In May of this year, Oklahoma enacted HB 2204, which amends sections of the Oklahoma Employment Security Act.
Though more commonly known for its loophole-closing features which allow Oklahoma employers to terminate workers who test positive for drugs and alcohol and not pay them unemployment compensation, this law also addresses unemployment compensation more broadly, and has been deemed by the U.S. Dept. of Labor’s Employment & Training Administration (DOLETA) to meet the goals of TAAEA’s Section 252 provisions.
Unlike other states’ recently-passed UI integrity legislation, Oklahoma’s HB 2204 was not written in response to Section 252, and it does not include language specifying that “the employer will not be relieved” when they fail to respond adequately or timely, nor does it include a provision for or definition of a “pattern of non-response.”
The portions of the amended Oklahoma Employment Security Act that relate to Section 252 are:
- 2-503 Notice of Determinations
- 3-106 Benefit Wages Charged and Relief Therefrom
Oklahoma Employers now have 10 days (from date of postmark, or date of transmission if the employer has elected to be notified by electronic means) to respond to a notice of benefit claim from the Oklahoma Employment Security Commission. If they fail to respond, the employer is considered a non-interested party and benefits are granted. If the employer objects at any point after the 10-day period, their objection is automatically denied and they are charged for any benefits after the 5th week of benefits paid. If the employer continues to object, they can proceed with the appeal process.
Separately, after the claimant’s fifth week of benefits, the Commission will give notice to each base employer of the claimant. Employer will then have 20 days (from date of postmark, or date of transmission if the employer has elected to be notified by electronic means) to file written objection to being charged with the benefit wages, upon receipt of which the Commission will make a determination of relief and notify the employer. The legislation also allows that the twenty-day deadline may be waived for good cause shown.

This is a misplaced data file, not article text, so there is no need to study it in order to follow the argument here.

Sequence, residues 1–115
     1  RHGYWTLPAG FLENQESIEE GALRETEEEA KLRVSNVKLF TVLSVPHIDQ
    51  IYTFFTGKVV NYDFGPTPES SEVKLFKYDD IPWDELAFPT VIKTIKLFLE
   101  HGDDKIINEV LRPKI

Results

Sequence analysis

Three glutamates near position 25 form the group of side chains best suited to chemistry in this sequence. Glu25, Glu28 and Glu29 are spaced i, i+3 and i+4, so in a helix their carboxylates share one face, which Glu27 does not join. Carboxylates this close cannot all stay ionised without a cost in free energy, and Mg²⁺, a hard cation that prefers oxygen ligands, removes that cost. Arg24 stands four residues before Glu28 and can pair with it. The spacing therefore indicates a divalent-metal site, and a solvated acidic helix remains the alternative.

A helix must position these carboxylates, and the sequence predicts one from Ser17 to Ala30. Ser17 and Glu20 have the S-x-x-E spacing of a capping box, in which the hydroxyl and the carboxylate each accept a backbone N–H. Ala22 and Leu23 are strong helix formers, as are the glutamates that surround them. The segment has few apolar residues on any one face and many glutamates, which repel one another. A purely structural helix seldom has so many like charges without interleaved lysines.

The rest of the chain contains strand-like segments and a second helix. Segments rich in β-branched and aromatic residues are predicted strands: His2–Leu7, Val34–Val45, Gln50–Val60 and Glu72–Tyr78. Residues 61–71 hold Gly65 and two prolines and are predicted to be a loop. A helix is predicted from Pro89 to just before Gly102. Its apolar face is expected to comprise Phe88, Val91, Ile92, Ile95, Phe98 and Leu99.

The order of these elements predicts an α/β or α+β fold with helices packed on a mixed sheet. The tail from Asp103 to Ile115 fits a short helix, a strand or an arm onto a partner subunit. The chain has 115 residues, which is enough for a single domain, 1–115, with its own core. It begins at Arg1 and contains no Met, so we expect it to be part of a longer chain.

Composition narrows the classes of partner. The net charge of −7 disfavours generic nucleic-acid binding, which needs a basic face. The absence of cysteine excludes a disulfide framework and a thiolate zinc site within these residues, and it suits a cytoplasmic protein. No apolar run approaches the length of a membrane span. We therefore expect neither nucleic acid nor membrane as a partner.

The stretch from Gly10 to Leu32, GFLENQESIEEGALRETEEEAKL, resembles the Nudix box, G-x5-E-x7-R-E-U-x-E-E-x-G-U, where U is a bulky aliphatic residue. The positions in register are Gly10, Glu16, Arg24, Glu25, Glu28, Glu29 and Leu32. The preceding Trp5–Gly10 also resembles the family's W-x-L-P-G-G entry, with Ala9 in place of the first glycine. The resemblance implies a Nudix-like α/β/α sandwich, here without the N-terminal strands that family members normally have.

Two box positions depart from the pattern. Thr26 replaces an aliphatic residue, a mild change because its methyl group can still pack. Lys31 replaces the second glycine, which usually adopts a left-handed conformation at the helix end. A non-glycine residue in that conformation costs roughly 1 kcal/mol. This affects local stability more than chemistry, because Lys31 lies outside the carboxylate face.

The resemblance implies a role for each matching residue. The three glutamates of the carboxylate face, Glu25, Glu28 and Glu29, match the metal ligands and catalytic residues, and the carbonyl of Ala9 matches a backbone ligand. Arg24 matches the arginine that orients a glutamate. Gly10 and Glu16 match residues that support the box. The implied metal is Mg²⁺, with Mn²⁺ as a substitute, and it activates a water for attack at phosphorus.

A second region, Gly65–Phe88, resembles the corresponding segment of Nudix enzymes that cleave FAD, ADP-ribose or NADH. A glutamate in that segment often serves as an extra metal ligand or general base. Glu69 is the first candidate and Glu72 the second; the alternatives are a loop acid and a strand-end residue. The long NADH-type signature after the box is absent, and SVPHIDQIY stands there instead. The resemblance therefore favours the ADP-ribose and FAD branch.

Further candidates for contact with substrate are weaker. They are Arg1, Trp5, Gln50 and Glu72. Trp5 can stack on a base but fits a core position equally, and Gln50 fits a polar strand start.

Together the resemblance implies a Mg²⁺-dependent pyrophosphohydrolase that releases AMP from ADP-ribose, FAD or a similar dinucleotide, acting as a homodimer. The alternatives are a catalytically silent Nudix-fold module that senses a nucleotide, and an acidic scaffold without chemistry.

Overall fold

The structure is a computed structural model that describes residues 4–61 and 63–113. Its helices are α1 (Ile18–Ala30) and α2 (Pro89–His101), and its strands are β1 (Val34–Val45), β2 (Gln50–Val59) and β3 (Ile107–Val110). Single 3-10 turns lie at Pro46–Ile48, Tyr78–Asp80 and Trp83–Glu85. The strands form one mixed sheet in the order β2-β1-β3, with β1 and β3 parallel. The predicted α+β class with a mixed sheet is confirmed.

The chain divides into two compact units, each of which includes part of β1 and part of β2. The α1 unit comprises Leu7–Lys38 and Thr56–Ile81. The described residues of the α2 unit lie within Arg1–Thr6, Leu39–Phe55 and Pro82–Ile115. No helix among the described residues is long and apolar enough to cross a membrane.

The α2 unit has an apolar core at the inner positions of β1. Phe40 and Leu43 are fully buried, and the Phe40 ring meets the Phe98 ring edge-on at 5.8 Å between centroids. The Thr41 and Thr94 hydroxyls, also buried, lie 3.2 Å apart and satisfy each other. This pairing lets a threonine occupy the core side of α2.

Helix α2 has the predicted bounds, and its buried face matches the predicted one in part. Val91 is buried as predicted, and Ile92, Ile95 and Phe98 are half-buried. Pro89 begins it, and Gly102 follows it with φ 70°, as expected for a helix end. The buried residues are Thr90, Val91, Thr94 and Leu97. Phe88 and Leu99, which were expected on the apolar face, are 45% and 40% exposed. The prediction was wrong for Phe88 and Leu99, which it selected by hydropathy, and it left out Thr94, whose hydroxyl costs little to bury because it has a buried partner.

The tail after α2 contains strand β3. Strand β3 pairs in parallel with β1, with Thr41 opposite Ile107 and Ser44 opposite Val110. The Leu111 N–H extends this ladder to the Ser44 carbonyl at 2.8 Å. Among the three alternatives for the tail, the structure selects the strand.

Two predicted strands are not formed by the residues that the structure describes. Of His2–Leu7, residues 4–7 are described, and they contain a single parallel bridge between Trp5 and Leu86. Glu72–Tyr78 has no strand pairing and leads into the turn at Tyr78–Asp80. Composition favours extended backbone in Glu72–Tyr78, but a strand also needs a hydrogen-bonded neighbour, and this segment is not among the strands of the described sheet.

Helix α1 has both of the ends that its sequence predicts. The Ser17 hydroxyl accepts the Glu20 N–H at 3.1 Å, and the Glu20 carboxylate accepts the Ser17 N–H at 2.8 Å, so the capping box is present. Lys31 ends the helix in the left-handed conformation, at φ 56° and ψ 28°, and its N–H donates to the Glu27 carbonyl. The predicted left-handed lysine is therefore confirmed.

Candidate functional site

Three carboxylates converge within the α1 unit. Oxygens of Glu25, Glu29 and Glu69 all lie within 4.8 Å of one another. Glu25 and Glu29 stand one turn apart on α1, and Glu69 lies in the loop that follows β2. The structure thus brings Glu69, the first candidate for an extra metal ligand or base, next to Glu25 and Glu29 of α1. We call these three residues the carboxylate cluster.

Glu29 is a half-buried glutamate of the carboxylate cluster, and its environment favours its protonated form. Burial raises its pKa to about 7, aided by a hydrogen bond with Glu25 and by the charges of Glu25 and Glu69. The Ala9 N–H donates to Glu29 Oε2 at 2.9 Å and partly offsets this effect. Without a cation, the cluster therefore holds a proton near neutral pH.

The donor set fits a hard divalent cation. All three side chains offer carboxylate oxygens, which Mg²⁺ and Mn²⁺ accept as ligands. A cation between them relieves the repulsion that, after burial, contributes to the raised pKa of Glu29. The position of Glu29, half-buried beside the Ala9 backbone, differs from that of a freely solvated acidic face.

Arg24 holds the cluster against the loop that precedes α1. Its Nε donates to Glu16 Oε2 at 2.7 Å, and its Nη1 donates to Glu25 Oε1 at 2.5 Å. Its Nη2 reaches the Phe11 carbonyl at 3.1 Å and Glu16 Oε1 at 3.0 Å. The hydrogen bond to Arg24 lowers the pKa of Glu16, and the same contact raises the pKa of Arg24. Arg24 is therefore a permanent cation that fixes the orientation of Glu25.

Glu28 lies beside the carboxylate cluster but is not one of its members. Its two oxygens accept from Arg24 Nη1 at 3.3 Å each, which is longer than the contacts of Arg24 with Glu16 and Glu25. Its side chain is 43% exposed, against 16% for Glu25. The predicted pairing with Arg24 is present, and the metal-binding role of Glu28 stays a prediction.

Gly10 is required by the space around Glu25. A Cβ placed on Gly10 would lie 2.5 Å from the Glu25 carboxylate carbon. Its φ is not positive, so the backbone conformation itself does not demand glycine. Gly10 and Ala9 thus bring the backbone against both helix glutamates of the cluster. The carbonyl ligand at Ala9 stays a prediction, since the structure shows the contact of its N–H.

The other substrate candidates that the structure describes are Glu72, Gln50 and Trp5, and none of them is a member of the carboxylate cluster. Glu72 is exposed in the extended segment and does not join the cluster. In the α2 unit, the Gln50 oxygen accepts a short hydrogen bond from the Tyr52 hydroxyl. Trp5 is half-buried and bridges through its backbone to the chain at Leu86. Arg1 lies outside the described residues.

Following the notification of the Commission’s determination, within 14 days of the date of that postmark, the employer may then file a written protest to the determination and request an oral hearing de novo to present more evidence in support of its protest. The Commission would then advise the employer of a hearing date which will be within 10 days of the postmark date of the written notice. HOWEVER, if the employer fails to file written protest within 14 days of notification of the Commission’s determination, that determination shall be final and no appeal shall thereafter be allowed. That particular inclusion helps satisfy the state’s Section 252 obligation for no employer relief of charges made due to the employer’s lack of timely or adequate response.
HB 2204 contains other provisions and details which should be more closely examined by employers doing business in that state. You can find the final legislation here.
What does this mean for you? If you have operations in the state of Oklahoma, ensure that your in-house and/or third party UC administrator is prepared for these changes. Employers with operations in Illinois, Minnesota, North Carolina, West Virginia, and Nebraska also face recently-passed Section 252-related legislation. Employers in other states, be on the lookout for similar legislation likely headed your way.
How Will “Section 252” Impact You?
Download our one page Fact Sheet on Section 252 to get a better understanding of key provisions that will directly impact employers.
Disclaimer: This article is general in nature and is not intended to replace the guidance of an employment tax expert and/or legal professional with regards to an appropriate course of action in your particular circumstances. Please consult with a professional for appropriate advice in your case. Pursuant to IRS “Circular 230” rules, any information included herewithin is not intended or written to be used for the purpose of avoiding penalties under the federal Internal Revenue Code.